James Bond’s Favorite Cocktail: The Vesper Martini

by artfuldiner on February 9, 2024

in Artful Diner Mini Review, Breaking News, Opinion, Recipe, Wining and Dining



Vesper Martini“A dry martini,” (Bond) said. “One. In a deep champagne goblet.”

 “Oui, monsieur.”

 “Just a moment. Three measures of Gordon’s, one of vodka, half a measure of Kina Lillet. Shake it very well until it’s ice-cold, then add a large thin slice of lemon peel. Got it?”

 Certainly, monsieur.” The barman seemed pleased with the idea.

 “Gosh, that’s certainly a drink,” said (Felix) Leiter.

 Bond laughed. “When I’m… er… concentrating, he explained, “I never have more than one drink before dinner. But I do like that one to be large and very strong and very cold, and very well-made. I hate small portions of anything particularly when they taste bad. This drink’s my own invention. I’m going to patent it when I think of a good name.”

 Of course, Bond later named the drink after his love interest, Vesper Lynd.

Vesper Martini 2The above passage is from chapter seven of Ian Fleming’s Casino Royale, penned in 1953. If you’d care to see Daniel Craig’s interpretation of the dialogue from the film of the same name, please click on https://www.youtube.com/watch?v=uuRKTvAs_ns.

Contrary to popular belief, while Fleming’s novel popularized the cocktail, it was not his creation. It was actually devised by his good friend Ivar Bryce. Naming the drink, the Vesper, however, was Fleming’s idea, though it was based on someone else’s pun on “vespers,” a religious observance normally held around sunset.

Lillet BlancThe only item in the above recipe that may be unfamiliar is Kina Lillet. Invented in 1887, this was a liqueur made with white wine mixed with fruit liqueurs and flavored with quinine. The Kina in its name is derived from quinine’s main ingredient: the bark of the kina-kina (or cinchona) tree.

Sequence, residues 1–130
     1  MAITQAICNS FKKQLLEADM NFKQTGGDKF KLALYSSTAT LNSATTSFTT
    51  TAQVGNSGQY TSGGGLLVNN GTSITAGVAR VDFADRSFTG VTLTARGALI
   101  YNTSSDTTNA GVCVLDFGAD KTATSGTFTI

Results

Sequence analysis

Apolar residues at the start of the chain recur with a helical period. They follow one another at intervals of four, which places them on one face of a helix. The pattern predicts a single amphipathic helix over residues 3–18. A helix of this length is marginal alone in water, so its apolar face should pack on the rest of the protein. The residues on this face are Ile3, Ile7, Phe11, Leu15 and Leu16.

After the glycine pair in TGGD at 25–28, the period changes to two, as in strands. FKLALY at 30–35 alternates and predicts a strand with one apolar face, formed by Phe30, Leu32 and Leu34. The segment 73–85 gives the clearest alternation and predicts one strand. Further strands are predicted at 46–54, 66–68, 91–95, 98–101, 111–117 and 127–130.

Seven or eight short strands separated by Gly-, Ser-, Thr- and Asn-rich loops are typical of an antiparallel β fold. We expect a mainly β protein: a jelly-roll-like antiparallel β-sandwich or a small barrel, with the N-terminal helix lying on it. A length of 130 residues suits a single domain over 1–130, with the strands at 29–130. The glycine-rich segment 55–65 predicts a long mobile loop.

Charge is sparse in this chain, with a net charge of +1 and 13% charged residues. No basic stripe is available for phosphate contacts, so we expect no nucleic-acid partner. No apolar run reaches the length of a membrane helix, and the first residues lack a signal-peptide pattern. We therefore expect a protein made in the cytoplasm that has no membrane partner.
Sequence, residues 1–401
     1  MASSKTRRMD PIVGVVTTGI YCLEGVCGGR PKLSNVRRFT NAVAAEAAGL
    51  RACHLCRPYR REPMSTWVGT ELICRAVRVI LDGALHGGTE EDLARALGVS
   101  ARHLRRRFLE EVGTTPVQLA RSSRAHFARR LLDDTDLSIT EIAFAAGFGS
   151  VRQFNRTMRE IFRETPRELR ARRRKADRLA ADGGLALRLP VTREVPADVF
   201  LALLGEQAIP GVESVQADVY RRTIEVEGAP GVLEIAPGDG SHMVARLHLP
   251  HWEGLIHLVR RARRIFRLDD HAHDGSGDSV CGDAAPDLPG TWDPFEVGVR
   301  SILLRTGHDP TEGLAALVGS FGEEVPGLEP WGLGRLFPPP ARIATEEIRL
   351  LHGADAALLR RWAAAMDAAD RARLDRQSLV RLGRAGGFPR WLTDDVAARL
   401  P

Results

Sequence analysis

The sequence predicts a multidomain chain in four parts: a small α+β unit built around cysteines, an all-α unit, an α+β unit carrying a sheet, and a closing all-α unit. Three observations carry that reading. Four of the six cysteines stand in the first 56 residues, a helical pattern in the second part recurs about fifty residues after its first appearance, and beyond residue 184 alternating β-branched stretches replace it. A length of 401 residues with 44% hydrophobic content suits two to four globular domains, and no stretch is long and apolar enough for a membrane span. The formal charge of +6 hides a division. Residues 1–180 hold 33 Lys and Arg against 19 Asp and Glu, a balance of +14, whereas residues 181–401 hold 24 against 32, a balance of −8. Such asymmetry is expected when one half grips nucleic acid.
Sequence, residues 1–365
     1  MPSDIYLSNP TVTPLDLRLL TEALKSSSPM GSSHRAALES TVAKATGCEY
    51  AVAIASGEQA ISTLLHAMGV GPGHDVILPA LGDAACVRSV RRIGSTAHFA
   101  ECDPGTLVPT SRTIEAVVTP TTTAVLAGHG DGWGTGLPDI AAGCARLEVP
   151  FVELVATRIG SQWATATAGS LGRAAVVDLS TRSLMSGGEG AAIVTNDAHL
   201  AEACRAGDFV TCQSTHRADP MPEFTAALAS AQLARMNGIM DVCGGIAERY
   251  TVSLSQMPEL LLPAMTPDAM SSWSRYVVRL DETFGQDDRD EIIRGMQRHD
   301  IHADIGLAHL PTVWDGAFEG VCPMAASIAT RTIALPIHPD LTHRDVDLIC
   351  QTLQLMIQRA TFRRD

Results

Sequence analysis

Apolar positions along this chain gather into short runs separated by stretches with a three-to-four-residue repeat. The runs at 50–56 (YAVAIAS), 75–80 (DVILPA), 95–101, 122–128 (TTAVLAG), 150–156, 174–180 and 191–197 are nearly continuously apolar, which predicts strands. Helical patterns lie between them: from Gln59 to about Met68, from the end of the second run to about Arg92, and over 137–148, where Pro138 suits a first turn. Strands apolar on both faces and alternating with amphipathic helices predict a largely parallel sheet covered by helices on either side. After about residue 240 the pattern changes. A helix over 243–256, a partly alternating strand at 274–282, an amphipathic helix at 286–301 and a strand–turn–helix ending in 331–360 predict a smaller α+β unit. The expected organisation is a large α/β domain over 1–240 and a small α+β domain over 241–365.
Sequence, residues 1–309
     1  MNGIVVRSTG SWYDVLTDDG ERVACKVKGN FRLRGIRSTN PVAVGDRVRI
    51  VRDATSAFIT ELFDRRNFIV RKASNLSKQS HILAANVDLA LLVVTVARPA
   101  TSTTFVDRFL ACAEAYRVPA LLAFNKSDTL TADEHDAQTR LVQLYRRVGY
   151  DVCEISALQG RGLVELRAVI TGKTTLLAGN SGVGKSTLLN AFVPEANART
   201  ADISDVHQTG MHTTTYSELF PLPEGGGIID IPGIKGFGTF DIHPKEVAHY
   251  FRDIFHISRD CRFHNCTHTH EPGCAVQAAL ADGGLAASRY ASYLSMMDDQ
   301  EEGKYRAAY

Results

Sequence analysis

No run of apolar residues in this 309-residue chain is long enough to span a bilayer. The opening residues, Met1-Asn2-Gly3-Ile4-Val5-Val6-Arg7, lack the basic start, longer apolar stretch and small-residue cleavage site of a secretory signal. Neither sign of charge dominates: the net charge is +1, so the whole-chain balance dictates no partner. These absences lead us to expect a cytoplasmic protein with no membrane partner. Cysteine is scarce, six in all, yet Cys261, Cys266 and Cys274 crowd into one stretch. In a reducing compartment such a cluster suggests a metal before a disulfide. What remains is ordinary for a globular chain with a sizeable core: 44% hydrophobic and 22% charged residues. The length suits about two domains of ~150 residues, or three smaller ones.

In 1986, however, Lillet Blanc, which has a lower quinine content, replaced Kina and has since become exceedingly popular in bars and restaurants. Lillet is actually a family of French aromatized wines; that is, wines fortified with brandy and then infused with herbs, spices, fruit, or other botanicals.  Lillet Blanc is crisp and light, with subtle floral, herbal, and citrus notes. It tastes like a semi-sweet white vermouth with distinctive herbal notes on the finish.

In addition to Kina Lillet being discontinued, in 1992 Gordon’s cut the proof of their gin; so, unfortunately, we cannot duplicate the exact recipe as it was stated. We can, however, with substitutes, come pretty close…

Cocchi AmericanoLillet Blanc is available, but Kina Lillet included quinine. Cocchi Americano can be used as a substitute, as it possesses a more bitter finish than Lillet Blanc…. For a more traditional flavor, 100 proof vodka should be used to bring the alcohol content of the cocktail back to 1953 levels… Because Gordon’s Gin has been cut to 75 proof, possible substitutes are Beefeater, Bombay Sapphire, or Broker’s (I prefer Bombay Sapphire), which provide the traditional flavor of 94 proof gin.

The Vesper Martini:


3 ounces gin

1 ounce vodka

½ ounce Cocchi Americano or Lillet Blanc

ice cubes

lemon for lemon twist


  1. Pour gin, vodka, and Cocchi Americano or Lillet Blanc into a cocktail shaker filled with ice.
  2. Shake vigorously for 20-30 seconds, until ice cold.
  3. Strain into a chilled cocktail glass.
  4. Rub the lemon twist along the rim of the glass and drop it into the cocktail.

The Vesper Martini is definitely not for the faint of heart, as it contains 4 ounces of liquor, plus a splash of Cocchi Americano. It’s, well… yes, delightfully boozy… But it’s as uniquely alluring as it is powerful.



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